José Otero, the vice-president of 5G Americas for Latin America, stressed the importance of the cooperation between the public and private sectors around the world to obtain this new technology. What’s more, ANTEL’s and Nokia’s history goes a long way back, so this initiative also reinforces ties between the entities.

El Salvador

In Central America, El Salvador is eager to install the much-anticipated commodity. On February 14, Globe Newswire published a press release announcing the imminent arrival of 5G technology. This was a collaboration between New Orbit Technologies Central America (NOTCA) and Antonio Safie, owner of SALNET Telecommunications El Salvador.

Together, the partners planned to launch Latin America’s first 5G network prior to Uruguay. Without providing a specific date, this new investment is expected to rapidly transmit data, reduce latency, save energy, raise system capacity and connect devices among El Salvador’s internet users. Granted 5G isn’t officially on the market, this is huge news.

Even though 5G networks are mostly wireless, there still needs to be a power cable connecting rural areas to the electric grid in urban areas. The reality of the situation is that this cable is very expensive, though, making this a work in progress for El Salvador. Developers are still figuring out how to make this connection wireless to achieve optimal results.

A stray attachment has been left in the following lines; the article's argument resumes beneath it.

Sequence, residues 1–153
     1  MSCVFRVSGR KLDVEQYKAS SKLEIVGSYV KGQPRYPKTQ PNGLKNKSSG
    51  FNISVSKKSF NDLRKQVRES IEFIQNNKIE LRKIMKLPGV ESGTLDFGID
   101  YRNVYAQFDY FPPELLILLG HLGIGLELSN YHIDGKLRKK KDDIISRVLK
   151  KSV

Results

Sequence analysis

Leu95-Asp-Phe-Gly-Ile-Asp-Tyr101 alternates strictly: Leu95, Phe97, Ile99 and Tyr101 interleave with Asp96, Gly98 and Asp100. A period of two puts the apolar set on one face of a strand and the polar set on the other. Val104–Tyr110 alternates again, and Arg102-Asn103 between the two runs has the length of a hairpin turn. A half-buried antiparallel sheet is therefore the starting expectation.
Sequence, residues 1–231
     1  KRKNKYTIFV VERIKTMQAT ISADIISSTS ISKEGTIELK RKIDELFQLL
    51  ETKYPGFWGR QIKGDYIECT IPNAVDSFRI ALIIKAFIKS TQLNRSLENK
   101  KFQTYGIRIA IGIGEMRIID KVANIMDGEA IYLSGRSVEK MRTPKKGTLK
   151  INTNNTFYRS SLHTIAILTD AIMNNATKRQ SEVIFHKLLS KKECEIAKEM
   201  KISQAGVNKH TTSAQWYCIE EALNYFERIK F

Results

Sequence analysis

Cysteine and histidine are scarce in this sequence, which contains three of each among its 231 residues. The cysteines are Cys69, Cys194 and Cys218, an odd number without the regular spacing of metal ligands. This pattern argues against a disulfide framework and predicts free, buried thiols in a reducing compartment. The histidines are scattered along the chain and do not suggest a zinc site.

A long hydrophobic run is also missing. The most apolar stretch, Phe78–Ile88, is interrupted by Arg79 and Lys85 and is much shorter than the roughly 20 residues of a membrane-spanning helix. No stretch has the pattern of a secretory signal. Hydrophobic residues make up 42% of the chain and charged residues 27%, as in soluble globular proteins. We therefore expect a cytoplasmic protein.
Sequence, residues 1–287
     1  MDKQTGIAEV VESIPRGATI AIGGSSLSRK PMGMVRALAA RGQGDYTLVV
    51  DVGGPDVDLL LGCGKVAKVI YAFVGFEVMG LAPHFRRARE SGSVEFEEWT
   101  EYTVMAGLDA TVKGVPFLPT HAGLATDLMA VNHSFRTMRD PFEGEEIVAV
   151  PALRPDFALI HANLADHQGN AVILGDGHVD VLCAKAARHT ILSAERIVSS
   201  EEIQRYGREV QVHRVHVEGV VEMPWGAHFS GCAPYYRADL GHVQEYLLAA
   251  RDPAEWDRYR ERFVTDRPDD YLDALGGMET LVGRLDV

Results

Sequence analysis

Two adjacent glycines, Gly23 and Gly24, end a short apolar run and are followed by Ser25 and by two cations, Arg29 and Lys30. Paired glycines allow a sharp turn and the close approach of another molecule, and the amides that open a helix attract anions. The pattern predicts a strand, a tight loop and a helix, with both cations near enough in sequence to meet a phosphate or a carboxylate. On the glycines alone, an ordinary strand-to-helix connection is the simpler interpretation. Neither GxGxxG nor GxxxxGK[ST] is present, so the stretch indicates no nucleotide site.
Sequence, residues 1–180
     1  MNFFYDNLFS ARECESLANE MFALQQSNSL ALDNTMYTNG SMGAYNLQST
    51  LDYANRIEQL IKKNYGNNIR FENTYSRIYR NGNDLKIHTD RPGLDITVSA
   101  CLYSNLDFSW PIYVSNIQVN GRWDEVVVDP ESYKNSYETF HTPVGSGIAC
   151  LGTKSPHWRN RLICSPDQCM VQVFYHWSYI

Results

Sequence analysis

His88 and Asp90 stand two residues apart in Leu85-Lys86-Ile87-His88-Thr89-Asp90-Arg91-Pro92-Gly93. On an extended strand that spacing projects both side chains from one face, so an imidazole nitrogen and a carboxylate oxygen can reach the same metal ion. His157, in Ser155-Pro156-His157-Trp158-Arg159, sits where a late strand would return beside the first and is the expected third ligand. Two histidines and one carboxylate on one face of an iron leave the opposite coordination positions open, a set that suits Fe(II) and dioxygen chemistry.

If not, the rollout process for 5G connectivity will be slow like molasses. That’s to say, rural areas will still be plagued with sluggish internet speeds. Once the infrastructure is settled, though, both SALNET and NOTCA intend to offer unlimited packages to customers. Included in the bundle are TV, landline, data and mobile services.

Why is 5G technology so important?

Believe it or not but some sources consider the invention of 5G to be the “fourth industrial revolution.” As an expansion of 3G and 4G networks, 5G networks will guarantee stronger signals capable of dodging transmissions from other radio towers. Stronger transmissions mean faster speeds, no matter how you look at it.

“The application of 5G technology will result in massive changes for both consumers and enterprises,” said Jeff Weisbein, CEO of a digital media company called Best Techie.

“5G networks will offer consumers incredible broadband speeds at home – up to 20Gbs per second.”

– Jeff Weisbein, CEO of Best Techie

It will also enable companies to make technological advancements in areas like smart cars, medical technology and personalized retail experiences. El Economista reported that the English consulting firm, Ovum, estimates there will be around 111 million 5G connections by the end of 2021 – 4.3 million of those will be located in Latin America.